Saying “I knew he was a bully, but I didn’t know he was a sexual predator” is no excuse. Bullies are bad enough in their own right, and many bullies are also sexual predators. Rape is principally a crime of power, and those who take delight in brutally exercising power over others tend not to limit their behavior to the family and the workplace. The social science is clear that bullying behavior and sexual abuse are intrinsically connected.

American culture is extremely forgiving to bullies. Our libertarian ethic celebrates those who rise to wealth, fame and power by stepping on the backs of others. We are the nation that elevated Bob Knight in sports and Donald Trump to the presidency. Even when we try to address bullying in schools, we do it with hamfisted “zero tolerance” policies that more often than not punish the victims of the bullies when they finally dare to fight back.

In our business environments, American human resources departments find it’s always easier just to go along and get along. We promote bullies or move them out of their positions. Our at-will firing laws allow abusers to get rid of employees who resist by dreaming up excuses that don’t technically violate any labor laws.

The social and business science has already proven that bullies do far more damage to organizations than whatever energy they provide. But still our culture allows them to thrive and even works hard to help promote them.

Men like Weinstein and Trump should have been cut down to size decades ago. Instead, it was just easier to ignore them, laugh, and schmooze at parties with them.  Thousands of men in their orbits stood by and did nothing, even though they knew how socially and financially predatory they were.

Americans often have a reputation for brashness and rudeness. But in the end, we’re not too rude. We’re simply too nice to rude people. We  yell at customer service reps and politicians, and savage one another for our politics on social media. But by and large, we don’t stand up to the petty tyrants in our lives. We’ll fight with anonymous people on twitter and savage celebrities, but stand idly by when a boss abuses an underling in our presence, or when an entitled rich man inveighs against a barista or an airline stewardess. Our supposed American courage and bravado fails us on these occasions.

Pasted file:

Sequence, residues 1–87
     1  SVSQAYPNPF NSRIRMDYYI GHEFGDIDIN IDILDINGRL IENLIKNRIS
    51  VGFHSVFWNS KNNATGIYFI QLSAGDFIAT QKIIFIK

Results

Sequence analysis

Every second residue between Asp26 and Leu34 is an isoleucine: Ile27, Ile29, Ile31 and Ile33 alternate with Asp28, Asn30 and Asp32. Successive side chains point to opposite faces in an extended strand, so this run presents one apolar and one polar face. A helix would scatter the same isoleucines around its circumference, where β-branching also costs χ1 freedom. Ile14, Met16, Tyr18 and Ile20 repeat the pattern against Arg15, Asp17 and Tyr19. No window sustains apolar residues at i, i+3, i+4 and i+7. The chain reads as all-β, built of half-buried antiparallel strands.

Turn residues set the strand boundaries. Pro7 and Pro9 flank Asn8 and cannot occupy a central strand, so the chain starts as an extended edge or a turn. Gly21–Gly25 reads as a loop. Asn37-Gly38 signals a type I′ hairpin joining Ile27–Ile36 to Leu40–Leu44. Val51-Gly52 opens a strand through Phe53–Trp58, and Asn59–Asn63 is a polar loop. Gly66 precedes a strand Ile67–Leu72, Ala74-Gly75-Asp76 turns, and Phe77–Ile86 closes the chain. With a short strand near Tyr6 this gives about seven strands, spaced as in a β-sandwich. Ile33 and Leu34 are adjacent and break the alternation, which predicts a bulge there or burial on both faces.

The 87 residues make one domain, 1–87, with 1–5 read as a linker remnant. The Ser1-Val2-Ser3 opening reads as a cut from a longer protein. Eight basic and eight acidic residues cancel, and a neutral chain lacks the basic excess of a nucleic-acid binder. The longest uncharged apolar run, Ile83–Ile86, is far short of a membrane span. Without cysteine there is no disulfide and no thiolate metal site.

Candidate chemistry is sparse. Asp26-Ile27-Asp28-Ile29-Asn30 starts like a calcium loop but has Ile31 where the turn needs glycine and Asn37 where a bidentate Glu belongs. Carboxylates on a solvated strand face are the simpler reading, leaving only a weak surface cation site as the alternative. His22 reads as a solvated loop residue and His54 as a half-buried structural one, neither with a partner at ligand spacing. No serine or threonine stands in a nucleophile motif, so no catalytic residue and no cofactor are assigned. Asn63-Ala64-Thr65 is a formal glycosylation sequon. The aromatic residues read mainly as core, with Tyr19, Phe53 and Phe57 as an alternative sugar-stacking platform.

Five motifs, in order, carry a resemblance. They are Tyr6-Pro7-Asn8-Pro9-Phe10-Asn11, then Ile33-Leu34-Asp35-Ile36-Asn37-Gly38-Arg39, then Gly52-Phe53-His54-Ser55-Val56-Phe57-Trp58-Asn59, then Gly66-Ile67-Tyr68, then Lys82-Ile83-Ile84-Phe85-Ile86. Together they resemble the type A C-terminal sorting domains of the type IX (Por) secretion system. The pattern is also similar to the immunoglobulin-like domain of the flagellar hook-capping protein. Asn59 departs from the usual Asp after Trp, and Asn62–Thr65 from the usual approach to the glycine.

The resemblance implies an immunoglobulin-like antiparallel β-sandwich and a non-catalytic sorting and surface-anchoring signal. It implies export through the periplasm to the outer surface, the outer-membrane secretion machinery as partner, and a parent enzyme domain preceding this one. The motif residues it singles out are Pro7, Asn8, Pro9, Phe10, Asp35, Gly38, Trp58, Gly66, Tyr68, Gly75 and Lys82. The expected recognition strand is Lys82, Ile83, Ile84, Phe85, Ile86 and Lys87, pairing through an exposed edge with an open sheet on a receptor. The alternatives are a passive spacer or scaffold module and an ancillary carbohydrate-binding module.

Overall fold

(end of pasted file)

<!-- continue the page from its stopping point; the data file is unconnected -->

The Weinsteins & Trumps of the world can be stopped. It’s easier to stop them when they’re lower on the totem pole. But it takes all of us. Those of us who know a bully in our company or organization and have the power to stand up to them, should do it. It will mean the world to many. It may even save another person from suffering a sexual assault. Abusers in the workplace are all too often abusers in the bedroom as well, where there are fewer witnesses to stop them.

The only thing we have to lose is our acquiescence to rich, evil, powerful men.

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hannahdraper
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Huh?

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south carolina map

North, South Carolina, is 100 miles southeast of Due West.

Also: Northwest, North Carolina, is in southeast North Carolina, due east of Due West, South Carolina, and east and slightly north of North, South Carolina.

(Thanks, Bob and Rick.)

And while we’re at it:

North East, Pennsylvania, is in northwest Pennsylvania, and Northwest, Virginia, is in southeast Virginia.

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hannahdraper
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When Rescued Hostages Are Ungrateful

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On September 2, 1990, 47 Americans arrived in Washington, DC by a chartered 747 from Baghdad. They were the first tranche of American hostages released by Saddam Hussein following his invasion and occupation of Kuwait weeks earlier. One of them told reporters, "But for the grace of God and Jesse Jackson, we wouldn't be here. The State Department hasn't lifted a hand for us." A U.S. diplomat accompanying the group went up to the ex-hostage and said, "Thanks for the good word," and walked away.

This was not a unique case of a hostage blasting their (or another friendly) government after being freed. We saw it again this week when a Canadian-American family of five was rescued by the Pakistani military after being held by Taliban militants for five years. Joshua Boyle, the Canadian husband of U.S. citizen Caitlin Coleman, nodded at a State Department official as he told a reporter, "Their interests are not my interests." He had earlier refused to board a U.S. military cargo plane sent to collect the family and return them home.